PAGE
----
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Huge, absolutely huge! The snowball starts to grow....
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Old 12-13-2009, 07:02 PM   #28
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Originally Posted by chinaco View Post
No debt! Paid off the house the other day (about 7 years ahead of the mortgage schedule). We intend to downsize (to simplify our situation) once the real estate market recovers.

The long slow (disciplined) slog to FI seems to be working. The portfolio was diminished by the crisis but seemed to survive and hold up (diversification).

We are still on target for my ER date. I should be able to ER in 1.5 to 2 years (planned timeframe). DW hung it up a couple of years ago.
Congratulations! Eliminating all debt was such a big part of my own ER experience that quite frankly I struggle to understand how it sometimes seems to become such a contentious issue. For myself, the zero debt made such a nice sleep well at night comfort blanket that all of my trepidation before ER seems for naught!
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Old 12-13-2009, 08:20 PM   #29
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Congratulations Chinaco!!!!!!!!!!!!!!!!!!!!!!!!!!!!!!!!!!!! Great accomplishment
I highjacked a rainbow and crashed into a pot of gold - Bon Jovi
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Old 12-21-2009, 08:58 AM   #30
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Originally Posted by ikubak View Post
Now that the house is paid off, you'll look at your neighbors with house payments and two car payments and wonder how they survive.

We are retired and have a mortgage and 2 car payments. One of our portfolios has 35 different dividend-paying stocks and preferred stocks. The total value is approximately equal to our mortgage balance. The dividend income is also approximately equal to the mortgage & car payments.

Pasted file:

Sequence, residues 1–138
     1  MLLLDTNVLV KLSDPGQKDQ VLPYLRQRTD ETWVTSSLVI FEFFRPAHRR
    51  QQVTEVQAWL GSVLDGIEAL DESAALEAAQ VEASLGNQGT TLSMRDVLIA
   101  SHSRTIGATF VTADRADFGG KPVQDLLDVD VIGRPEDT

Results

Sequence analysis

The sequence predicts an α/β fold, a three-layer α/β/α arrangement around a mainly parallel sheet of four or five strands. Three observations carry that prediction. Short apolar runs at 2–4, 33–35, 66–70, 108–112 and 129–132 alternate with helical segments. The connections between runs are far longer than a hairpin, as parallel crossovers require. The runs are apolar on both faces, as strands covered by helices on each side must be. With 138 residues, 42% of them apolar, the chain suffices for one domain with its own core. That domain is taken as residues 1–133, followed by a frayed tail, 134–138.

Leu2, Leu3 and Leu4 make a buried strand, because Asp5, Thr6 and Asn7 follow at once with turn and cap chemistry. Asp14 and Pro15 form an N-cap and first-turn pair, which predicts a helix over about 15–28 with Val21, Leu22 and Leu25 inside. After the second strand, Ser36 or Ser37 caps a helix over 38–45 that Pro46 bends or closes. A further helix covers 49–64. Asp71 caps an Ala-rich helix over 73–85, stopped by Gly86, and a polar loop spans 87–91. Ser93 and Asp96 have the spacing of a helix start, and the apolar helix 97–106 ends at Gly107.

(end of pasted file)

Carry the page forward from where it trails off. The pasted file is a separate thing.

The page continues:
The cars will be paid off in 4-5 years, reducing our payments by about $1000/mo. The mortgage in another couple of decades (should I live that long.)

The preferreds were bought at a discount, and had an average built-in capital gain of about 15%-20%.

OTOH, my neighbor isn't so lucky. They have a paid-off house and 2 paid-off cars. And he's working part-time at the local marina to make ends meet.
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Old 12-21-2009, 09:58 AM   #31
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Congratulations! I hope to be posting a message like this is 15 years or so. We are planning to pay down our mortgage (currently $295k at 5.25%) once our childcare expenses go down. We have a PT nanny right now that we pay about $10,000/year for our child. Once our daughter is in school full-time (Jan 2011) we'll start paying that extra $10k to the mortgage and have it paid off in 15 years. I can't wait!
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Old 12-21-2009, 10:39 AM   #32
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An inspiration to those of us working towards that!
Make no mistake, my friend, it takes more than money to make men rich. - A. P. Gouthey